David Simmonds Consultancy Ltd was set up in 1990 and has carried out a wide variety of studies for public and private clients in the UK and abroad. These studies have ranged from brief reviews of particular subjects to major projects in forecasting and impact assessment. Many have been carried out in collaboration with other leading firms in transport, planning, economics and property consultancy.
One of our specialities is forecasting the impacts of transport on regional economies and on urban activities and development. In this we can consider the effects of public and private transport, passengers and goods, and changes in services and pricing as well as changes in infrastructure. We are also very much involved in forecasting the impacts of planning policies, that is, how plans for the physical development or redevelopment of an area will translate into numbers of households of different kinds, numbers of jobs, and so on, taking account of the impact that new developments will have on the occupancy of the existing stock. Much of our work is carried out using formal land-use models and land-use/transport interaction models. We are also increasingly involved in appraisal; that is, not just forecasting what will happen, but also analyzing who will be affected by the benefits and disbenefits involved.
October 2020: Andy Dobson retired from working for DSC at the end of September. All his recent and former colleagues join in wishing him a long and happy retirement.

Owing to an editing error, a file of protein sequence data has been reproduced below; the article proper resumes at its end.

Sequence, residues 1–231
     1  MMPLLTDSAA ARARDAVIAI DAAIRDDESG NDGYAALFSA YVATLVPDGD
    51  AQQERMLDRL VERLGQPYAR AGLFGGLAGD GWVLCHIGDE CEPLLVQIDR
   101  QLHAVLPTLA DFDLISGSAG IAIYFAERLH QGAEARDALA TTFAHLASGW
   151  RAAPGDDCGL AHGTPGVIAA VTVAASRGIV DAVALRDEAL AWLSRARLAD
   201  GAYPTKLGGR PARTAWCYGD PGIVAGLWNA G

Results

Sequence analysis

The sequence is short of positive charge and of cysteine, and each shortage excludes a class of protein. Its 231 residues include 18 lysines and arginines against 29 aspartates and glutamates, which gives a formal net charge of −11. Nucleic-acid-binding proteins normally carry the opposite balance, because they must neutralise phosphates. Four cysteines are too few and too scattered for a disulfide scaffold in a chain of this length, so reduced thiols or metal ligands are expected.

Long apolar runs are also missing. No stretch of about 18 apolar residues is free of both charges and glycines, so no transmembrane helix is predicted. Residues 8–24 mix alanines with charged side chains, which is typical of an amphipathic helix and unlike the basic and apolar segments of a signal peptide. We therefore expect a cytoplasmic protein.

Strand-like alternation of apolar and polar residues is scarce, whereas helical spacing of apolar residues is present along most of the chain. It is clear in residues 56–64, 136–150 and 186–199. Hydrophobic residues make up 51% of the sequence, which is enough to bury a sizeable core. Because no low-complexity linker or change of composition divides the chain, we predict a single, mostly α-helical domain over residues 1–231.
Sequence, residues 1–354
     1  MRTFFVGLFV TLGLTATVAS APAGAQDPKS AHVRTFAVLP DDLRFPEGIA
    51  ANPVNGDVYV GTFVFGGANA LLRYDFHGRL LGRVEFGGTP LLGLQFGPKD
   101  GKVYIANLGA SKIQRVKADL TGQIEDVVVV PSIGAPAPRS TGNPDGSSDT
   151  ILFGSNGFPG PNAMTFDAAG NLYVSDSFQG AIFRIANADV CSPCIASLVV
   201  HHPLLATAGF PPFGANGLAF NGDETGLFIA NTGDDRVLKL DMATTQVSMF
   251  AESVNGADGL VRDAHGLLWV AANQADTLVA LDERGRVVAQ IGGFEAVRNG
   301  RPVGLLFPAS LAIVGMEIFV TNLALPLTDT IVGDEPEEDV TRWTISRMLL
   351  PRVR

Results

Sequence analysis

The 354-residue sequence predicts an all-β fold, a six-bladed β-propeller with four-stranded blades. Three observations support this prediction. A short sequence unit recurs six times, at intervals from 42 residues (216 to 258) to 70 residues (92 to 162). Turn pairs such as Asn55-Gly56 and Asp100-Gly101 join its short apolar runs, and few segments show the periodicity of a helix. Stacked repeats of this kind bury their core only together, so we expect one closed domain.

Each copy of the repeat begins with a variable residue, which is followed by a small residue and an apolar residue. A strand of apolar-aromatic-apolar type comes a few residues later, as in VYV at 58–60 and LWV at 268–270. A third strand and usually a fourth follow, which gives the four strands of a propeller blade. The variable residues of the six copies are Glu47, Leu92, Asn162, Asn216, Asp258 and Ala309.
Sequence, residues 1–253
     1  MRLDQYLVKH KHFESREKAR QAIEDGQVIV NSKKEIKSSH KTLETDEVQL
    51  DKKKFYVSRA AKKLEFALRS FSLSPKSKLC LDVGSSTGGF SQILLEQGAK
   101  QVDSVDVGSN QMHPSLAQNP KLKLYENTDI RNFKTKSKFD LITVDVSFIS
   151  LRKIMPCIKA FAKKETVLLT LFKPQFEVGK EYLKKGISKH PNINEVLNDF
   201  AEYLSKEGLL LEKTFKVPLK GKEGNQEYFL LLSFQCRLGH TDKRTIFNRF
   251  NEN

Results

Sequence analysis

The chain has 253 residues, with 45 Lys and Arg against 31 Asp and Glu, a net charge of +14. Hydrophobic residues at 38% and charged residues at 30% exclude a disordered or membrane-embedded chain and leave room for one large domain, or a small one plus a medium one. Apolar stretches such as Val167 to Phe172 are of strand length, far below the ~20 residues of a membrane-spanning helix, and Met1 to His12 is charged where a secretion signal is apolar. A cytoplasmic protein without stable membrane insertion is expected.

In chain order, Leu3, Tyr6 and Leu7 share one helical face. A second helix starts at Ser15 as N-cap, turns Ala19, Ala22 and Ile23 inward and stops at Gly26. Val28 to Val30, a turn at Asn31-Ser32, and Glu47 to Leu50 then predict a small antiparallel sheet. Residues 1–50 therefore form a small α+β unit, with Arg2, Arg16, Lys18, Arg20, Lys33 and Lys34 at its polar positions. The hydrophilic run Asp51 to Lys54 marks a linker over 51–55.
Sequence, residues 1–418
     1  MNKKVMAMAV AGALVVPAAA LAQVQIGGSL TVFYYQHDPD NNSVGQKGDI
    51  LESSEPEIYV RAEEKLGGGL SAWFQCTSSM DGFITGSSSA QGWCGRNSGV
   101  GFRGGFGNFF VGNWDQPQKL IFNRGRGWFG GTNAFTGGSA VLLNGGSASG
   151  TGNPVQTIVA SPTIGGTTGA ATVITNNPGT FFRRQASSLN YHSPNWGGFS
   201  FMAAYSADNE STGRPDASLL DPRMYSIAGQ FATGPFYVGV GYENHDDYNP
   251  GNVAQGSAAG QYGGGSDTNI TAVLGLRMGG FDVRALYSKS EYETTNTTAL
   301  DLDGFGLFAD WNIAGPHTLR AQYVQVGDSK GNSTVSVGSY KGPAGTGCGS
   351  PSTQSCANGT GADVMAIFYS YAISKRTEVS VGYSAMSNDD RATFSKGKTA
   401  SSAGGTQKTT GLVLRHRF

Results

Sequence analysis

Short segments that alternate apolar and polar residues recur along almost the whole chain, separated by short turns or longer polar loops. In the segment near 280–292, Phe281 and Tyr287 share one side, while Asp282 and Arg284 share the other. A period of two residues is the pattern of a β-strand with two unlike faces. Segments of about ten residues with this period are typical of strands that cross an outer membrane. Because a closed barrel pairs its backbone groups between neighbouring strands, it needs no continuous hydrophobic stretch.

Green Book: The 2020 edition of the Treasury Green Book sets out new requirements for “place-based analysis” as part of the appraisal of proposals for UK government investment and other interventions. It specifies that place-based analysis is required – if such analysis is proportionate to the proposal, and unless it can be shown that there is no need to do it - for proposals that are national in objective but are expected to have localised effects, and proposals that are targeted on particular localities or types of locality.
We have long argued that the spatial distribution of benefits from government actions is important. (We have been making this point from our very first project, which looked at the expected effects of the East London Line Extension – now part of the London Overground – on residents of the deprived areas it would serve.) We therefore welcome the changes to the Green Book and look forward to following them through in practice.